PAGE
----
Date Published: September 28, 2019
Publisher: Springer Netherlands
Author(s): Mark Stanford.
Recent years have seen the growing promise of cultural evolutionary theory as a new approach to bringing human behaviour fully within the broader evolutionary synthesis. This review of two recent seminal works on this topic argues that cultural evolution now holds the potential to bring together fields as disparate as neuroscience and social anthropology within a unified explanatory and ontological framework.
What makes humans different from other animals? It is an old question, and one which many have given up as meaningless or unanswerable. The simple fact of our unparalleled range and adaptability as a species cannot be denied, and indeed we seem to feel we are special for many more reasons than that. One response to this instinct is to resist it: having evolved like all other animals, our weird and wonderful panoply of behaviours is the result of neither individual creativity nor cultural supervenience, but is instead the simple product of millions of years of evolution, like the mating dance of birds or the territorial displays of octopi. If they seem unintelligible or even maladaptive, that is simply because evolution is very slow; our minds are adapted not to our present environment, but to the long vanished world of our ancestors (Cosmides and Tooby 2003). It may seem to us that behaviours such as joining religious cults, suicide bombing and racial prejudice are as irrational as they are undesirable, but in fact, on the account offered by standard evolutionary psychology, they are perfectly intelligible as the results of our ‘stone age minds’ misfiring and triggering behaviours that were adaptive long ago (Cosmides and Tooby 1987).
In A Different Kind of Animal (2018), Robert Boyd, one of the founding fathers of the discipline of cultural evolution, sketches the current state of the field, and outlines his current theoretical position. Boyd places particular emphasis on blind imitation, as opposed to intelligent design, as an explanation for the diffusion of innovations throughout a population. That is, he shows that we become better adapted to our environments not by thinking consciously about how to solve problems better, but simply through evolutionary processes triggered by blind imitation.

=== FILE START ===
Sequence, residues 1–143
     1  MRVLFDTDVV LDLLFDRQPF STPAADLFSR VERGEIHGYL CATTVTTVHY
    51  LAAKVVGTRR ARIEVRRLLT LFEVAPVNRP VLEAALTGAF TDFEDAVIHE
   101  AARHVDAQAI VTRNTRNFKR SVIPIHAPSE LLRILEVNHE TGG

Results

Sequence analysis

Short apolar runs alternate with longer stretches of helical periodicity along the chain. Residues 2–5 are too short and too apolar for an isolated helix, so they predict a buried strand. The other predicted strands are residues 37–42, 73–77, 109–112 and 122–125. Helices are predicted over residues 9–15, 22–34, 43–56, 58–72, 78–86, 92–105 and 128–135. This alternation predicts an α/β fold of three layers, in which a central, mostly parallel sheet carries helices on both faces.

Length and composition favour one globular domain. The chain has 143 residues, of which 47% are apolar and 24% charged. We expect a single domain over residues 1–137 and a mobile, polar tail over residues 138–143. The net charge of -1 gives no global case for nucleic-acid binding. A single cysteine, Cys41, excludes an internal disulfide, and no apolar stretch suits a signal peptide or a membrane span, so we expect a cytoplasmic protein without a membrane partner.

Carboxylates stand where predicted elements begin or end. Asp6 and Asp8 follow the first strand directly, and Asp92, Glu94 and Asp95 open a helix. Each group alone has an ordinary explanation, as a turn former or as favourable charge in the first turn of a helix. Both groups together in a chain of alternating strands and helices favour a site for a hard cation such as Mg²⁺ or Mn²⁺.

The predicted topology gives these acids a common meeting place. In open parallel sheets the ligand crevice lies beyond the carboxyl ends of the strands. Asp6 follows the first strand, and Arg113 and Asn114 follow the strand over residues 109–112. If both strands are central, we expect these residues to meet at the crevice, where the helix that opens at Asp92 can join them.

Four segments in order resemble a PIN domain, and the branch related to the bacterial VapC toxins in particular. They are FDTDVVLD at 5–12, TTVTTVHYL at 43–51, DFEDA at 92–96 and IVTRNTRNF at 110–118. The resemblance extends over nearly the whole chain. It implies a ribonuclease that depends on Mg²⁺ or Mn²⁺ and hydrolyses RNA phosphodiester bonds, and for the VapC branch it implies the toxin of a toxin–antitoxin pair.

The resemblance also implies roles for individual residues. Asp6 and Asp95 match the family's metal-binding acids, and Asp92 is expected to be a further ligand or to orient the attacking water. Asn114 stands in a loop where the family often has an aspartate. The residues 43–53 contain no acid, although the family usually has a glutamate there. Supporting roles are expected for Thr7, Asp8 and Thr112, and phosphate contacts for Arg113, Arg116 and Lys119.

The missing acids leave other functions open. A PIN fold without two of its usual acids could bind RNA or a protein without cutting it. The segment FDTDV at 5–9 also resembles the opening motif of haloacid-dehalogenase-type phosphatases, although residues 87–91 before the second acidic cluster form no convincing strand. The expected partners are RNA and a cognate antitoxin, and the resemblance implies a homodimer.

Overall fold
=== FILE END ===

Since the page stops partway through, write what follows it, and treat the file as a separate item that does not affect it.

But while the cultural evolutionists are keen to point out that, contrary to the tendency of evolutionary psychologists to treat human minds as ‘hard-wired’ computers, much human behaviour and concepts are malleable and subject to a much faster form of evolution, it is commonly assumed that for cultural evolution to take place, certain innate mental capacities must be present, such as the ability to imitate, or elements of ‘theory of mind’. Thus with the evolutionary psychologists, many assume that these are mental modules, produced by genetic evolution in some ancient adaptive environment, after which cultural evolution became possible, and built on the foundation of these modules, but did not replace them.
The accounts offered by Boyd and Heyes are largely complementary. Boyd’s argument for a form of cultural evolution led by blind imitation and cultural group selection can clearly be extended to include the evolution of cognitive mechanisms themselves. Indeed, Heyes comes down firmly on the side of cultural group selection, arguing that cognitive gadgets which are today universal may have evolved by virtue of advantages they conferred to those groups which exhibited the cultural norms necessary to scaffold them.